By Sourina Bej*
A decade has passed since the Comprehensive Peace Accord (CPA) ending the civil war in Nepal was signed on November 21, 2006 by Pushpa Kamal Dahal ‘Prachanda’, on behalf of the Maoists, and Prime Minister G.P. Koirala laying the ground for a democratic republic.
Ten years later, the Himalayan country is yet to implement the CPA, pass constitutional amendment, broker peace with the marginalised communities (Madhesi, Janjati, Tharus and Dalits), hold provincial elections, address the question of women’s citizenship and rehabilitate child soldiers.
In ten years, Nepal has seen three constitutions, two political interregnums and a protracted ethnic conundrum between the peoples of the Hill and Terai (the southern plains). The promised devolution of power stands unfulfilled. Except in the 2008 and 2013 elections, the civil society has been largely excluded from political overhauling and the constitution remains the root cause of constant ethnic tensions.
Reconstruction of democracy has gained overall recognition, but it is complicated by the remnants of feudal paternalism with the political elite. This ‘exclusive parliamentary’ politics has fuelled the Madhesi conflict, and ever since the new Constitution was promulgated on September 20, 2015, the conflict has caught the separatist rhetoric.
The Madhesis and Tharus, who together comprise 70 per cent of the Terai population, were sidelined when the seven provinces were carved in the new constitution. Of the 22 districts in the Terai, only eight command constitutional autonomy. The remaining fourteen districts are now a minority (in spite of a large Terai demography) after integration with the Hill provinces.
Protests against the new constitution culminated in an economic blockade starting November 25, 2015. The government, with the support of the Hill people, blamed the tension as a provocation by India, thus, covering up an administrative botch up. The India-Nepal border blockade choked an already limping economy of food, medicine, oil, and trade.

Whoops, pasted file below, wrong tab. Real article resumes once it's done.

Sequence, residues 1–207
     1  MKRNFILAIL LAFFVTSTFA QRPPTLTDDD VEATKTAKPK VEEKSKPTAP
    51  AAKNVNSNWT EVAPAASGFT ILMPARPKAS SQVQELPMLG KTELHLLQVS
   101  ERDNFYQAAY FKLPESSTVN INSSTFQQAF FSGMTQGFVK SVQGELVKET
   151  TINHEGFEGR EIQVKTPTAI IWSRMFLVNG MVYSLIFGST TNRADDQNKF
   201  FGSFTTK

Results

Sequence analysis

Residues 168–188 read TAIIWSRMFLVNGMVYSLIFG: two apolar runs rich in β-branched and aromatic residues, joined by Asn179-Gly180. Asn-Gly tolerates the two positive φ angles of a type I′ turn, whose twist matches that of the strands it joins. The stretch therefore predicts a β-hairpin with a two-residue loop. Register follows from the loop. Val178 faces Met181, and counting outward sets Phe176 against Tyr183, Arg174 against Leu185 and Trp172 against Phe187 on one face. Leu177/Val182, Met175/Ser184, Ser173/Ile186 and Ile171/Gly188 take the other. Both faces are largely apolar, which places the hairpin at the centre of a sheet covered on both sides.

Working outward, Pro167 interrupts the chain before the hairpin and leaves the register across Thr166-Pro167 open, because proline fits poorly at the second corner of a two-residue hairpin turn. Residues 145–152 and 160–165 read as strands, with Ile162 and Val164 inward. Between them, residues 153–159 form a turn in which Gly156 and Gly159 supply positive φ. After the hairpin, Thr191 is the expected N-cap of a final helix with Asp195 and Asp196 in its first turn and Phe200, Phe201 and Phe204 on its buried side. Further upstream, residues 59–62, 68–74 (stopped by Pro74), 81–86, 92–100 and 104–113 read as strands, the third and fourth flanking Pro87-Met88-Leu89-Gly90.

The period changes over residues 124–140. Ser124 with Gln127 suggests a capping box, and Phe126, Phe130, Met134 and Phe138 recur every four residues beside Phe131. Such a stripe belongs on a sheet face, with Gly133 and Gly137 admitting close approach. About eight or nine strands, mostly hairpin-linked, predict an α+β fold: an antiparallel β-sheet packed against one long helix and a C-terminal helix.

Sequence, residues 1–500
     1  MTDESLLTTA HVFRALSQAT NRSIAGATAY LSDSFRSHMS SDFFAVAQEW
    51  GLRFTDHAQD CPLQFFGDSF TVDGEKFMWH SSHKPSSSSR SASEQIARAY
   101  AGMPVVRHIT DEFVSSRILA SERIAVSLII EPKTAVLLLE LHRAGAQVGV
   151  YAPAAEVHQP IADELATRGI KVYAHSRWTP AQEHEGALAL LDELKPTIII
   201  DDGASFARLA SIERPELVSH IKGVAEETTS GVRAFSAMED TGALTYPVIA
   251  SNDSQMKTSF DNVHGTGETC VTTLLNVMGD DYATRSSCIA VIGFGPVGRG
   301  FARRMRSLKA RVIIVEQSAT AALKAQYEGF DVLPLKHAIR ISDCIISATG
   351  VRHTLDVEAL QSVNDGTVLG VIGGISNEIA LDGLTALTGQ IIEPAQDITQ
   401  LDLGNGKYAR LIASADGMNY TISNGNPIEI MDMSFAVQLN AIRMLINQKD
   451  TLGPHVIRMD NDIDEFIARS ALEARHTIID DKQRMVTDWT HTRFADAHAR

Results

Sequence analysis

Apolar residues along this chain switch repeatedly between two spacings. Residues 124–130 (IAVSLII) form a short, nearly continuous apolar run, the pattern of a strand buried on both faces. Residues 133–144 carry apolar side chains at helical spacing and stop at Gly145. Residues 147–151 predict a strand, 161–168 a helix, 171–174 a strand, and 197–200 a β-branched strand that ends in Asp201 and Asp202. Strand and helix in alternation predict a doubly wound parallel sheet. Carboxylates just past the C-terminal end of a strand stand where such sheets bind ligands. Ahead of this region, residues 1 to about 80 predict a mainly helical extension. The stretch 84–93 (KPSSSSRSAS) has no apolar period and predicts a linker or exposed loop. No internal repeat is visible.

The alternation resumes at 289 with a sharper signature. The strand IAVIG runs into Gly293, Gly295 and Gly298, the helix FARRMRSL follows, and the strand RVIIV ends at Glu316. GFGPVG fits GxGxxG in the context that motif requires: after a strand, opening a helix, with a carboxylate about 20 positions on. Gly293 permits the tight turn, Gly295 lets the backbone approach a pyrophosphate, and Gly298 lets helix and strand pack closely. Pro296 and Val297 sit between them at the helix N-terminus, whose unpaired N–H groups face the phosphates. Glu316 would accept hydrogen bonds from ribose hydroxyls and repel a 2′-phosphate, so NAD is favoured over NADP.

The Madhesi Jana Adhikar Forum (Democratic) was initially involved in the constitution-drafting process, but had split when its demand for a single autonomous Madhes Pradesh was rejected. The current government under Prachanda has the mammoth task of not only granting constitutional autonomy to Madhes, but also evolving parliamentary consensus over the same.
It is unlikely that after previous PM K.P. Sharma Oli’s volte-face over Madhesi demands, the ruling alliance (Nepali Congress, CPM-Maoist Centre) and the main opposition Communist Party of Nepal-Unified Marxists Leninists (CPN-UML) will cooperate. A deep mistrust against the Terai within the ruling Bahun-Chhetri elite will deter sharing of power. In addition, Prachanda lacks a two-thirds majority in Parliament, required to amend the constitution.
An early agreement has been attempted between Madhesi and Prachanda to amend the constitution. But the Oli-led opposition and the Madhesis have rejected the cabinet proposals.
If the constitution isolates the Terai, the three-phase elections (local, provincial and federal) in January 2018 will be impossible. This makes the already contentious constitution questionable.
The only effort on the part of the Nepal government to implement transitional justice mechanism has been the establishment of two commissions — a Truth and Reconciliation Commission (TRC) and a Commission on the Investigation of Enforced Disappeared Persons (CIEDP) in 2015.